Last reviewed 19 May 2022

Most employers (85%) have skills shortages in their workforce or expect to have shortages in the next five years, according to new research by PricewaterhouseCoopers (PwC) which found that digital skills and problem solving skills are the main problem areas.

Concerns around skills shortages were found to be widespread with 33% experiencing a current shortage in core business skills, such as teamwork, leadership, relationship building and communication skills, while a further 41% expected to have shortages in the year ahead.

However, despite the skills struggle, in general employers show broad positivity about the education system with around 70% of respondents agreeing that it prepares young people well for work, life and to work at organisations like theirs.

Asked about curriculum changes that would better serve the needs of their organisation, 21% ranked young people getting more practical work experience as the change that would have the greatest impact.

Weaving digital skills throughout all subjects was next, ranking first for 17%, while making Maths and English compulsory got the vote of 12%.

Kevin Ellis, Chairman and Senior Partner at PwC UK, said: “Basic numeracy and literacy should be a given. We also need other skills that stand the test of time, such as empathy, resilience and agility. You can't predict all the jobs that will exist in the future but you can predict the mindset needed to adapt and be ready.”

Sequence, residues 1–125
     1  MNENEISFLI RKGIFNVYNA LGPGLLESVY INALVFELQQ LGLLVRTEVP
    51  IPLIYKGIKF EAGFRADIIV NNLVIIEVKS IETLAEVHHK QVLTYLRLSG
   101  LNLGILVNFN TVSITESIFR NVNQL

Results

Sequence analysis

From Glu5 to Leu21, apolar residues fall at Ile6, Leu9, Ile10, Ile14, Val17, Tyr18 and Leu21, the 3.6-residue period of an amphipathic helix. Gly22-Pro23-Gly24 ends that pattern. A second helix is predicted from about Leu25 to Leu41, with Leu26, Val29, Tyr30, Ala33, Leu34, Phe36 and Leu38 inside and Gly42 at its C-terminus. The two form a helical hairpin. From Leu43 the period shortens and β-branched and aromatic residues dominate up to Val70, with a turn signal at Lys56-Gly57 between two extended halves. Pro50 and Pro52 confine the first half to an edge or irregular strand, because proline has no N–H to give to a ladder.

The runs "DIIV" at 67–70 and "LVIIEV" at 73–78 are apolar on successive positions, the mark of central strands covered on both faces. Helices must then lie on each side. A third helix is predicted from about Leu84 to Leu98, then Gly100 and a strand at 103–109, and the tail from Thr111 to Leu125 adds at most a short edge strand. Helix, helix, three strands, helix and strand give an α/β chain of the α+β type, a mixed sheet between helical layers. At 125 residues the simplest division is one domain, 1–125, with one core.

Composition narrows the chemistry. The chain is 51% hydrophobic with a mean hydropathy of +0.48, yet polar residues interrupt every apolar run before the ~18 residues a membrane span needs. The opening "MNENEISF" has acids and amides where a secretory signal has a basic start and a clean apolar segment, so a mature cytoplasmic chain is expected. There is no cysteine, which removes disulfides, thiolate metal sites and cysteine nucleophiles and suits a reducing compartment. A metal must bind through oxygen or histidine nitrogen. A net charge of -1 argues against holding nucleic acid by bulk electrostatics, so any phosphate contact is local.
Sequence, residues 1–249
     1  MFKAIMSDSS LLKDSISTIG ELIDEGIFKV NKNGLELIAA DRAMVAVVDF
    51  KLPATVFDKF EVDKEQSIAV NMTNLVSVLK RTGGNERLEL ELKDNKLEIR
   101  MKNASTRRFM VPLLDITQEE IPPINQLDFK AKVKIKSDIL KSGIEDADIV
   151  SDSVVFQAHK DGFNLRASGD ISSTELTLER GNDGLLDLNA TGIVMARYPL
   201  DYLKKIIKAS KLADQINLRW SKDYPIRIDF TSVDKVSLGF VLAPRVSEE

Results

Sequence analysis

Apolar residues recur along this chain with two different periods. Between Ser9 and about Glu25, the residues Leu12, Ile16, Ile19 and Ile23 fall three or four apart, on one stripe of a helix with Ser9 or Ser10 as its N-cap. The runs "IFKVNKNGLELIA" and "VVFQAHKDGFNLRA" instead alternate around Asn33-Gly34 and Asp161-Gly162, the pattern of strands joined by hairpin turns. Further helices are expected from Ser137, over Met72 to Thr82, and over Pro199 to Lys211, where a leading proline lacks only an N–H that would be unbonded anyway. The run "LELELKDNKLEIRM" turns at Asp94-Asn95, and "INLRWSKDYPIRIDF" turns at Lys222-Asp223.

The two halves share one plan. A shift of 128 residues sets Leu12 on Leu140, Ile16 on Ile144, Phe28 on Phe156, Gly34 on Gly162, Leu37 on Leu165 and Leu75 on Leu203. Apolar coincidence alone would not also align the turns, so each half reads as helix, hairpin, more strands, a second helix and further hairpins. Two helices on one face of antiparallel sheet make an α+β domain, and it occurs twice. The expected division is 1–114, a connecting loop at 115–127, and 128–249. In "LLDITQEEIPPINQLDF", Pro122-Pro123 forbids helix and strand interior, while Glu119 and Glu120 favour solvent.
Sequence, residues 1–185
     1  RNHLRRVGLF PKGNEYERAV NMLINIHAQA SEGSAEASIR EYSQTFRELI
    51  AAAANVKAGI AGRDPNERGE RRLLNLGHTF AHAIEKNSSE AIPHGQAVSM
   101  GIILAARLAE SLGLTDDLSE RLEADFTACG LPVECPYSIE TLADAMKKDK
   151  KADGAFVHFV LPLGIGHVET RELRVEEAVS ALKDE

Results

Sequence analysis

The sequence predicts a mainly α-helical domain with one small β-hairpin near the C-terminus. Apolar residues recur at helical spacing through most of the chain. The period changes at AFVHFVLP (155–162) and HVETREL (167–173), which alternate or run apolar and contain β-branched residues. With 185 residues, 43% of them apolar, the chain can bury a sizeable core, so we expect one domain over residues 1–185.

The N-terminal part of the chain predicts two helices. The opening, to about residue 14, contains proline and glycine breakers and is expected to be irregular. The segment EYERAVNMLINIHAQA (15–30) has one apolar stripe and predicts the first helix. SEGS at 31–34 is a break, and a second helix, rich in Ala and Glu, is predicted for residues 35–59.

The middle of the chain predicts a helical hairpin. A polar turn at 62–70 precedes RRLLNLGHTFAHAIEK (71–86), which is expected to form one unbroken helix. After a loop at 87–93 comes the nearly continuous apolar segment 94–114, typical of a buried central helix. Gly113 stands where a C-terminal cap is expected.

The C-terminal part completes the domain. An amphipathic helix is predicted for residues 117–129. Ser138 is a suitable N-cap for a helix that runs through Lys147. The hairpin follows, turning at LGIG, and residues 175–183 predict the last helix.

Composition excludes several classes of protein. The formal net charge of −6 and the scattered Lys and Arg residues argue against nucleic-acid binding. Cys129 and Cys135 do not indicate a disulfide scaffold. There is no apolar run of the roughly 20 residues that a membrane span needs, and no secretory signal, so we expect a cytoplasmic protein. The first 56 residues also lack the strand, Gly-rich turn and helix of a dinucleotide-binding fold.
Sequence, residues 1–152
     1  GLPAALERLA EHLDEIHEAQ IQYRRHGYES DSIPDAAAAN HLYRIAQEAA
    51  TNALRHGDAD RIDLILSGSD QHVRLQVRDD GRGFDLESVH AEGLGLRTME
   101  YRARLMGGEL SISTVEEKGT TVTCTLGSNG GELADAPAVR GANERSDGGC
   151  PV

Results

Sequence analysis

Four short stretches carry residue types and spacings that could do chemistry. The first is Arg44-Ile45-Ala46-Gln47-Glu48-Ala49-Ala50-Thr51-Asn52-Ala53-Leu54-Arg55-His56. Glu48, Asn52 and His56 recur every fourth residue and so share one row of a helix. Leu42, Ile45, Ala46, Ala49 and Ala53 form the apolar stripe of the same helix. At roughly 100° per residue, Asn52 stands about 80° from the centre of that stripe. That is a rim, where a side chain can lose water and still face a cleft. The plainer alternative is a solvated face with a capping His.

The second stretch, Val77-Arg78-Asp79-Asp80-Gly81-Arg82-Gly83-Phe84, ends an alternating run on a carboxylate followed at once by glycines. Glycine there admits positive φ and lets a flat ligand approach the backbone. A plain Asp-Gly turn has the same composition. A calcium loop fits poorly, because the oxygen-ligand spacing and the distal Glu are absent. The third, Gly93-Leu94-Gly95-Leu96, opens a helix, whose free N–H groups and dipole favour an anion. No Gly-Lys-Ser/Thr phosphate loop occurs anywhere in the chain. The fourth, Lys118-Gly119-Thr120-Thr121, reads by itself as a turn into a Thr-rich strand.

Over half of employers (56%) have increased the number of apprentices they hire since the introduction of the apprenticeship levy five years ago.

When asked what would incentivise them to hire more, new courses and qualifications that are better aligned to their organisation’s skills needs is the top-ranked option, followed by relaxation of the requirement for 20% off-the-job training.

Comment by Kate Palmer, HR Advice and Consultancy Director at Peninsula

Employers should take into consideration the lack of experience and/or qualifications of younger workers when completing recruitment exercises and not automatically dismiss individuals who don’t fit the traditional job requirements.

Businesses may be losing out on ideal candidates because they don’t have the degree certificate typically associated with that role, despite them having relevant experience and increased motivation and desire to succeed than their older counterparts.

With widespread labour shortages negatively impacting businesses across the UK, many are missing a trick by disengaging with younger workers. Organisations can also benefit from offering work experience and internship programmes to build long-term relationships and be involved in the shaping of young careers.